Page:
What to eat, drink and do in Auckland, Wellington and surrounds

From tingling Thai food to a sunny beachside inn and excellent pinot noir, hit these spots on your next trip over the Tasman.

By Maggie Scardifield
Wharekauhau Country Estate
Even a short week in New Zealand is a glorious thing. Auckland's food scene is booming from the high street to the high end, while in Wellington you can start the day with a seal safari and end it with cocktails.
After arriving in Auckland, make a beeline for Depot Eatery (86 Federal St, Auckland, where the simple, bach-life is captured effortlessly in the heart of the CBD. Open for breakfast, lunch and dinner, the good times never seem to slow. In the early eve, meander past the raw bar for a peek at the day's catch (hello, pink diamond clams), then hunker down for a tumbler of natural wine on tap, bubbling bone marrow straight from the wood-oven or classic brioche sliders stuffed with turbot and citrusy mayo (they've been on the menu from day one for good reason - don't leave without ordering them.)
Your eyes are set to tingle at Saan (160 Ponsonby Rd, Ponsonby, Auckland, "I love to get high from chilli," says Thai chef Wichian "Lek" Trirattanavatin when asked about his Isaan and Lanna-leaning menu. Highlights include cured beef on betel leaves with toasted coconut and chilli; and deep-fried market fish topped with cashew nuts and aromatic Thai herbs. Saan's fit-out, by Auckland designer Nat Cheshire, is just as memorable as the food: custom ceramic lights, gently curving blond-wood tables, and pale blue and dove grey ceramics sourced in Chiang Mai.
Down a small inner-city arcade and next door to a yoga studio you'd expect to find a Video Ezy or dentist, but instead, within the Three Lamps Plaza, you're treated to fine-diner Sidart (283 Ponsonby Rd, Ponsonby, Auckland, You'll be thankful for it, too. With seven- and eight-course degustation menus that change weekly, chef Sid Sahrawat serves up a beautifully executed culinary adventure. A fillet of dory sidles up to pickled onion and parsnip purée, shielded by puffed, seaweed-like pork crackling, while the richest of pork belly is an unexpected win teamed with sweet cashew and coconut cream-laced spaghetti and macadamia. Settle the bill with your American Express Explorer Card and take advantage of earning two points for every $1 spent* - your next meal's paying for itself.
For a more laid-back affair, Ponsonby Road Bistro (165 Ponsonby Rd, Ponsonby, Auckland, delivers with dim lighting, a delightful cocktail list (another round of Globetrotters with vodka, limoncello, fresh ginger, lemon and bitters, please) and plates such as crusted lamb chops with new season asparagus or a comforting seafood bisque with charred toast.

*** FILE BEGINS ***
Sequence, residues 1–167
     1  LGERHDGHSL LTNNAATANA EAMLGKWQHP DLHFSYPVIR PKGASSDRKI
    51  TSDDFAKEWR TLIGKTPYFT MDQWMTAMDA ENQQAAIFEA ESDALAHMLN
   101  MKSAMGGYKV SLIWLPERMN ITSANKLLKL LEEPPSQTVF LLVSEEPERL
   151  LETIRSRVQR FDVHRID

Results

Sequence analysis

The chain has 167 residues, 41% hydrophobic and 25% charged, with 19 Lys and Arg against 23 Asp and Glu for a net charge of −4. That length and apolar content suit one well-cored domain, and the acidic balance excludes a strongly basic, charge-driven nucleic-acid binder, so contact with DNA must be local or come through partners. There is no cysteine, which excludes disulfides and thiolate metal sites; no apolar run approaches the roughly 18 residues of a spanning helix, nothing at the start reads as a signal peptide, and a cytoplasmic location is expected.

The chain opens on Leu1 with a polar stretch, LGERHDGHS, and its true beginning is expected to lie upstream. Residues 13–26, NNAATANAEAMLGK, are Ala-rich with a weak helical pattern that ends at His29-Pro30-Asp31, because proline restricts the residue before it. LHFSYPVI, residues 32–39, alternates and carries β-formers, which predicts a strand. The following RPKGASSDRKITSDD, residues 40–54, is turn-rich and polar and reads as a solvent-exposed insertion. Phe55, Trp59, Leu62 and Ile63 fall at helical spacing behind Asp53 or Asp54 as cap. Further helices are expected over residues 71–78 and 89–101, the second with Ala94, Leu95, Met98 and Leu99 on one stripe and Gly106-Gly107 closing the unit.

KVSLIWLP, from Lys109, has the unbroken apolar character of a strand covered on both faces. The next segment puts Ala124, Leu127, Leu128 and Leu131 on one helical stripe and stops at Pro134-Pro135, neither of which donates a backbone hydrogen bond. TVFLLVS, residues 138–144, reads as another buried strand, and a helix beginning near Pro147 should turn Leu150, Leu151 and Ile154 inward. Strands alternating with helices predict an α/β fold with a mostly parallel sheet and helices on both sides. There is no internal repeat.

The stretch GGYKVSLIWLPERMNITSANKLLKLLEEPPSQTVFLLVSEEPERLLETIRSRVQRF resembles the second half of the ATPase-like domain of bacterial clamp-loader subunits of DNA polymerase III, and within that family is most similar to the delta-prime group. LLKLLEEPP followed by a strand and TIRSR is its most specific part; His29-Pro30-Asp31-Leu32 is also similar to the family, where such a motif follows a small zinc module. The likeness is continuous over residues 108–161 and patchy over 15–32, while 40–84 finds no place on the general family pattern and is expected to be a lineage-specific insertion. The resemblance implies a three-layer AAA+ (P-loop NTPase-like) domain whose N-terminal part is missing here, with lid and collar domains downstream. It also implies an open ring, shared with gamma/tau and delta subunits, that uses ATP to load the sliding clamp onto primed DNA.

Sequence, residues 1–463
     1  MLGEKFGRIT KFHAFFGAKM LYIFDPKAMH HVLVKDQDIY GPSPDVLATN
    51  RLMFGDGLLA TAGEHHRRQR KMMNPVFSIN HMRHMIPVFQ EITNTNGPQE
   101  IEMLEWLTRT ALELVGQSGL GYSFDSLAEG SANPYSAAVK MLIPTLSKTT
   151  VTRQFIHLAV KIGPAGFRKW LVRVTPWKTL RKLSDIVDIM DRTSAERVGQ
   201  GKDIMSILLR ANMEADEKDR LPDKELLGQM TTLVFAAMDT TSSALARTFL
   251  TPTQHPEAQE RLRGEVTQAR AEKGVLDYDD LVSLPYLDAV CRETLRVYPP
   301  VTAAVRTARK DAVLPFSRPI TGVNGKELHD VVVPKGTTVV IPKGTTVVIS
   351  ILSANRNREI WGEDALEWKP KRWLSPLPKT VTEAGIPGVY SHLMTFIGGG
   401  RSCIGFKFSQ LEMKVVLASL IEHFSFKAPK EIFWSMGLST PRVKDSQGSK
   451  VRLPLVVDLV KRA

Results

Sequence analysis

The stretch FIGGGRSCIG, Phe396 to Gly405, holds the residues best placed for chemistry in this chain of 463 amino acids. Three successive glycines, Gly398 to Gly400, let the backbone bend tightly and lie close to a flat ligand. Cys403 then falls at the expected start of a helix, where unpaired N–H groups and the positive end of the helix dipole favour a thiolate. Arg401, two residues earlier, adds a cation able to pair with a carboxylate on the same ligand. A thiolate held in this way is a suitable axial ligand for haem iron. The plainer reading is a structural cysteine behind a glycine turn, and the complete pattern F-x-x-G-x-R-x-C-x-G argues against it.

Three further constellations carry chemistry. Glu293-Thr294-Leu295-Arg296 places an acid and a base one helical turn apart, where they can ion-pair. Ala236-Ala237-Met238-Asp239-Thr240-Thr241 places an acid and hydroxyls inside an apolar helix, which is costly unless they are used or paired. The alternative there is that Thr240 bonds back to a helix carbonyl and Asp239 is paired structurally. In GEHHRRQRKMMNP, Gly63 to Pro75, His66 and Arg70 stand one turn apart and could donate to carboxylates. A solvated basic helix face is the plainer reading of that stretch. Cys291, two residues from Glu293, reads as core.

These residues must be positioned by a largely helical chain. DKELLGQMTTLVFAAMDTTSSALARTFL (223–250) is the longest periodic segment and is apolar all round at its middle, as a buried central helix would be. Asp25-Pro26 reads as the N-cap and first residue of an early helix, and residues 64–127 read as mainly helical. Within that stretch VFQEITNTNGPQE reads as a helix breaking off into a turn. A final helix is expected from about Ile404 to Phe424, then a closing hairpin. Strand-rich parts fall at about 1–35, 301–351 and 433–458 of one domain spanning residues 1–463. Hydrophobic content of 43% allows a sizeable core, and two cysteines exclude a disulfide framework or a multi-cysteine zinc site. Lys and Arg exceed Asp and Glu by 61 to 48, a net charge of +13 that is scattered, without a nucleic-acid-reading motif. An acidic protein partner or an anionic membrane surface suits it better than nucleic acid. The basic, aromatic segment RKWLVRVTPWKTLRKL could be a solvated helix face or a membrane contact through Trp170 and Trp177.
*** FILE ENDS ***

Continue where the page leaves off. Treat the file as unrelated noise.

The food and mood are dialled up a notch at Auckland institution, The Engine Room (115 Queen St, Northcote Point, Auckland,, with seasonal plates, friendly staff and a killer wine list. There, Carl Koppenhagen and his partner Natalia Schamroth present seasonal plates such as whitebait fritters with crème fraîche and trout roe, and spring lamb in tomato and chicken broth with broad beans. You'll fall in love with the twice-baked soufflé, the terrine and the rest of The Engine Room's simple, well-executed fare.
For a getaway just 40 minutes from Auckland via the Sea Link, Waiheke Island is a must. Beachside horse riding, lush wineries and a little slice of heaven at The Oyster Inn (124 Oceanview Rd, Oneroa, Waiheke, New Zealand, await. Part-restaurant, part-boutique hotel, The Oyster Inn has just three stylishly appointed rooms for rent; you can stumble from the beach to your bach, your bed to your breakfast in just a few steps - all while taking in views over pristine Oneroa Bay. After you're done drinking jugs of homemade lemonade and eating fish and chips on the wrap-around verandah, book a tour with horse trekking and equine therapy company, Waiheke Horseworx (14 Donald Bruce Rd, Waiheke Island, Owners and horse trainers Karina Wallace and Paora Joseph will take you to the wineries or the beach by horse. Now, riding a horse is one thing - but swimming a horse? That's when the real magic begins.
Meanwhile in Wellington, Kent Clark hosts a 4WD Seal Coast Safari. You'll start by heading up Brooklyn Hill for exceptional views over the city, the Cook Straight and across to snow-capped Southern Island, then it's a bumpy ride across black sand and rock towards the Taputerranga Marine Reserve to search for fur seals. After something more lavish? Wharekauhau Country Estate (Western Lake Rd, Palliser Bay, RD3 Featherston, Wairarapa, has all the grandeur of five-star luxury with antique furniture, fireplaces and formal dining rooms. Just an hour and a half from Wellington, the 5,000-acre property combines next-level luxury with casual comforts such as an onsite kitchen garden, croquet on the lawn and freshly baked cookies in the country-style kitchen.
Some of the best pinot noir in New Zealand can be found in Martinborough at Ata Rangi (14 Puruatanga Rd, Martinborough, Clive Paton planted his first vines in the village in 1980 and they haven't sprayed in 37 years. After a few of their award-winning pinots, hit the spa bath at Pepper's (Peppers Parehua, New York Street West, or keep the good times rolling and return to central Wellington.Matterhorn(106 Cuba St, Te Aro, Wellington, is your first port of call for winning cocktails and small plates.
This article is presented by the American Express Explorer Card. Want to get there now? With 50,000 Bonus Points* when you sign up for the Explorer Card and spend AU$1,500 in the first three months, you'll be in New Zealand before you know it.
*Terms and conditions apply. Visit American Express Explorer for more information.